EQ was the evolution of DikuMUDs in general, and TorilMUD specifically, to the 3D graphical space, which then inspired Blizzard to make WoW, a continuation in the refinement of that model. While there was no doubt some cross pollination and influence (Raph Koster, who worked on UO, was big in MUDs before that), but WoW and its mechanics has its roots in EQ and DikuMUD, the latter which was heavily influence by Dungeons & Dragons.
I think there’s something to be said about H1Z1 (Feb 2018) launching AFTER PUBG (Dec 2017), which in turn launched AFTER Fortnite (Sept 2017). Or maybe my dates are mixed up.
Still, point taken that H1Z1 was the first “big” one. Loot crates from the sky, and all.
Well, that gets us into whether or not early access counts as launching or not. H1Z1 has been in early access since January 2015. It only went live after is had lost 90% of its active users to PUBG on Steam.
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H1Z1 was a take on DayZ, which itself was an ARMA mod. Which of those games/mods/versions was close-enough to PUBG in terms of being a BR game can be debated, but PUBG itself was certainly not the first BR game. Hell, Player Unknown himself worked on H1Z1, and ARMA mods before that.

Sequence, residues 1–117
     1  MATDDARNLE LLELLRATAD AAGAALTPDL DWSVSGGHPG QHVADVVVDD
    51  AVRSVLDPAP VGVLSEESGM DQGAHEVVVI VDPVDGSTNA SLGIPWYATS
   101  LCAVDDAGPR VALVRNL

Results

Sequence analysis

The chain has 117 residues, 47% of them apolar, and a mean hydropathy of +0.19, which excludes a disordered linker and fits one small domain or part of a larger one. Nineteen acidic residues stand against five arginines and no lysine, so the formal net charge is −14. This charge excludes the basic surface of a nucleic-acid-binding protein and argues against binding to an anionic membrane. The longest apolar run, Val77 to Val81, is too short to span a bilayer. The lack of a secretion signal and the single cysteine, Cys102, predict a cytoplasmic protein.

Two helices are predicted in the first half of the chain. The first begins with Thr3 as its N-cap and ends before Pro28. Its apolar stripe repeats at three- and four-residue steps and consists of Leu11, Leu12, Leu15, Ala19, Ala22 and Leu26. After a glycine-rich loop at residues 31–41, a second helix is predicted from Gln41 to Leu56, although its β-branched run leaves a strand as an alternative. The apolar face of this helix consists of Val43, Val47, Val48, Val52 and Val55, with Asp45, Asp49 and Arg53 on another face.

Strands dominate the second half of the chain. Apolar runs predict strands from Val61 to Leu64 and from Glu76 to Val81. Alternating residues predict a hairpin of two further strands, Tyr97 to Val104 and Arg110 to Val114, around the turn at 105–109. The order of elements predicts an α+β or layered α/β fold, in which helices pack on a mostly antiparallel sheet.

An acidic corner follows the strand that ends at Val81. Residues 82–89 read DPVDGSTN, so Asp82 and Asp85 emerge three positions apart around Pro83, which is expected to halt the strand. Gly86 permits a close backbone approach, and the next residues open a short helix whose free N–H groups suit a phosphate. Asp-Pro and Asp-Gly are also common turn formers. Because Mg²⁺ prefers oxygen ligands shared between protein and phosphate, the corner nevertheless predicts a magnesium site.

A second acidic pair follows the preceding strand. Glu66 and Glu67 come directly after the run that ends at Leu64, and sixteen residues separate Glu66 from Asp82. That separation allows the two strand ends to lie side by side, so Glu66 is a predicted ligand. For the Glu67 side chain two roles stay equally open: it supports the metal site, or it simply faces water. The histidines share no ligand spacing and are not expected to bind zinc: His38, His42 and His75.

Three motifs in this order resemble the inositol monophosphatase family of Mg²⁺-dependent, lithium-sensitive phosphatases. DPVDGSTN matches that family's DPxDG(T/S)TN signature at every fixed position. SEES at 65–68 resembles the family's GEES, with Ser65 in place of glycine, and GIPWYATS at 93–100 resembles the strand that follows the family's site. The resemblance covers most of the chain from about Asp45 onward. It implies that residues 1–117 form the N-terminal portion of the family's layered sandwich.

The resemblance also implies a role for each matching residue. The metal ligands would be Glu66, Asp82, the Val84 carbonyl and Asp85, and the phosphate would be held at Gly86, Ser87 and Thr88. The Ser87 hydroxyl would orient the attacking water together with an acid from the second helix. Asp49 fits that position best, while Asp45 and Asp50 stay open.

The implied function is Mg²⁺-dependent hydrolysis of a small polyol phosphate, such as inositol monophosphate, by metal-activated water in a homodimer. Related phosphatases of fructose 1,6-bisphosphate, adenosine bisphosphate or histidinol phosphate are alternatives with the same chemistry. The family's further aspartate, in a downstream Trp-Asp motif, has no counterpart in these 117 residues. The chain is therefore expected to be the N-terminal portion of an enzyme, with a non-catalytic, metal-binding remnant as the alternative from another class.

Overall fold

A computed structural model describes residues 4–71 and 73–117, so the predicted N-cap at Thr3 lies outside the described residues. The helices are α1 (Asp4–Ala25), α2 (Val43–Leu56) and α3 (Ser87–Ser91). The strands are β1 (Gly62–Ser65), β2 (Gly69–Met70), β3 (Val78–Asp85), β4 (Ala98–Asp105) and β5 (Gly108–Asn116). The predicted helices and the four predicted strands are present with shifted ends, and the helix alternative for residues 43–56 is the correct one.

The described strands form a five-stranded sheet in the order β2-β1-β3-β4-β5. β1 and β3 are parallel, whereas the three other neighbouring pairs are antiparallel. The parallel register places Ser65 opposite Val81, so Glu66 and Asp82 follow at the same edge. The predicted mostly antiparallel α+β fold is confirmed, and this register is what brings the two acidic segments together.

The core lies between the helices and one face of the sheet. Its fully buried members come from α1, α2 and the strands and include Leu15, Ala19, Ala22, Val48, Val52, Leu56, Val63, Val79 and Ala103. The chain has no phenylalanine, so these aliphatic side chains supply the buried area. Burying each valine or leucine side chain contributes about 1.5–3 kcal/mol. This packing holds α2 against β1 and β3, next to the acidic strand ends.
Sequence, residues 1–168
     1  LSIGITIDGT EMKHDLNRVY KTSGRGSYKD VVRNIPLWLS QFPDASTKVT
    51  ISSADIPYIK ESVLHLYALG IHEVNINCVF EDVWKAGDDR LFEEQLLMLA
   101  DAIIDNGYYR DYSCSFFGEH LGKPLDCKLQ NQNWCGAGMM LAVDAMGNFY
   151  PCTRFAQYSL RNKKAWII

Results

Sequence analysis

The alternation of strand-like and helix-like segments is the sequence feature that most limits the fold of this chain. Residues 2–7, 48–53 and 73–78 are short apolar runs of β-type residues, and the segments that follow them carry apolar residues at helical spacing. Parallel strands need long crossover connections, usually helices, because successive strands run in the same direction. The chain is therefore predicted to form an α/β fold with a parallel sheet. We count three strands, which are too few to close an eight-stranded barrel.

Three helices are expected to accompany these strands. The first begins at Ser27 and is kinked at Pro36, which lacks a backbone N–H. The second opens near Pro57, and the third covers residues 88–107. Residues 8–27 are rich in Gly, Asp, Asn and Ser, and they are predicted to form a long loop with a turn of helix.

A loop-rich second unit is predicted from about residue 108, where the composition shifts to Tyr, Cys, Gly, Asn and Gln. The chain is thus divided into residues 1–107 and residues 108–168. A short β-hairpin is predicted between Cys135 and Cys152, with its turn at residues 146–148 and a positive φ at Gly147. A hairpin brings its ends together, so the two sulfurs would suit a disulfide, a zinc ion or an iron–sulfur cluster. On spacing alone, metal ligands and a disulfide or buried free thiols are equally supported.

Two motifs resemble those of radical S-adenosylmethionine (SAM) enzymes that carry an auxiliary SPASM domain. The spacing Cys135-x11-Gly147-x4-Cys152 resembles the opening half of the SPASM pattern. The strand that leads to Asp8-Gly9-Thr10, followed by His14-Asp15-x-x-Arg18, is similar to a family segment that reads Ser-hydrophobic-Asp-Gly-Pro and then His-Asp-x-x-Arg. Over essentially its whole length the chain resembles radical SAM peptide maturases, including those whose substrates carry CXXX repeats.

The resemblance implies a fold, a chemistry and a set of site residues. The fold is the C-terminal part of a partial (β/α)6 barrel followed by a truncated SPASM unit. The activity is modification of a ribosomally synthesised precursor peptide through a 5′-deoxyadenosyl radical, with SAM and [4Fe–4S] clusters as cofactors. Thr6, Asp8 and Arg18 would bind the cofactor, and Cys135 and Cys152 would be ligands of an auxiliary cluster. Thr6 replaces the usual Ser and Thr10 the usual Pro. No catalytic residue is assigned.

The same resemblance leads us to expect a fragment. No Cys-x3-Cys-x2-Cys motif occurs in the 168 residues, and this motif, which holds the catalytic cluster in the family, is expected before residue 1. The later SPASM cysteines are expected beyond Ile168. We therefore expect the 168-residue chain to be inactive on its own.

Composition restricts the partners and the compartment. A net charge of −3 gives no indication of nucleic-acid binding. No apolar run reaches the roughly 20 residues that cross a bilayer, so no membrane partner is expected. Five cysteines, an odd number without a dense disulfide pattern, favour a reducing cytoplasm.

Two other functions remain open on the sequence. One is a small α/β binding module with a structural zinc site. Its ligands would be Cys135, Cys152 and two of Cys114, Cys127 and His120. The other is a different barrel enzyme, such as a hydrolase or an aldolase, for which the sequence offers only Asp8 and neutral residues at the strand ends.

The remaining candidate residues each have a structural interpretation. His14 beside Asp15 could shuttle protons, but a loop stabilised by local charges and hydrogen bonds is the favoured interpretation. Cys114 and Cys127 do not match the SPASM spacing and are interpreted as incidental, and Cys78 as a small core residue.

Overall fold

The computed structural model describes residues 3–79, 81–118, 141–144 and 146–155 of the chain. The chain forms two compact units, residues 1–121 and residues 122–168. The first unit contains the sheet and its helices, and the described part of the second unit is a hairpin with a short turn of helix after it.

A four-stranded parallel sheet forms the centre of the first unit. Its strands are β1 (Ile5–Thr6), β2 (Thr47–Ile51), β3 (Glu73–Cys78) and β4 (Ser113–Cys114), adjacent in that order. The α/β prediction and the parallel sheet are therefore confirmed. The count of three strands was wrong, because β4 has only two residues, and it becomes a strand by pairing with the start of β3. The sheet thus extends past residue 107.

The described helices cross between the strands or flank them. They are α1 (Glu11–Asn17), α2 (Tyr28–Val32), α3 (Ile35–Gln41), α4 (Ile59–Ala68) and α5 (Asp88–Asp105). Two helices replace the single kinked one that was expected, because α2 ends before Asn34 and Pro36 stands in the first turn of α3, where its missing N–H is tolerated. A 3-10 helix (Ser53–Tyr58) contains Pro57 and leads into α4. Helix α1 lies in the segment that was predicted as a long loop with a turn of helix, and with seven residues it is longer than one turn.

Fortnite is a curious case too. The original version of the game was an outright failure, and the BR part was tossed in long after release. I still recall the Fortnite devs stating, at the release of the BR mod, that the PvE aspect of the game was still the focus. That changed pretty quickly. Personally I think PUBG has the stronger long-term future, Fortnite reeks of fad to me, while PUBG has the more solid base. But even if that turns out to be true, pretty profitable fad.
Fornite has a massive following on streaming services, and those views would have to hemorrhage to the next fad to see it lose some strength. Even if the game isn’t as solid as another technically, that doesn’t matter to the sways of public opinion. We bloggers are certainly a different demographic that what either of these games are aiming for.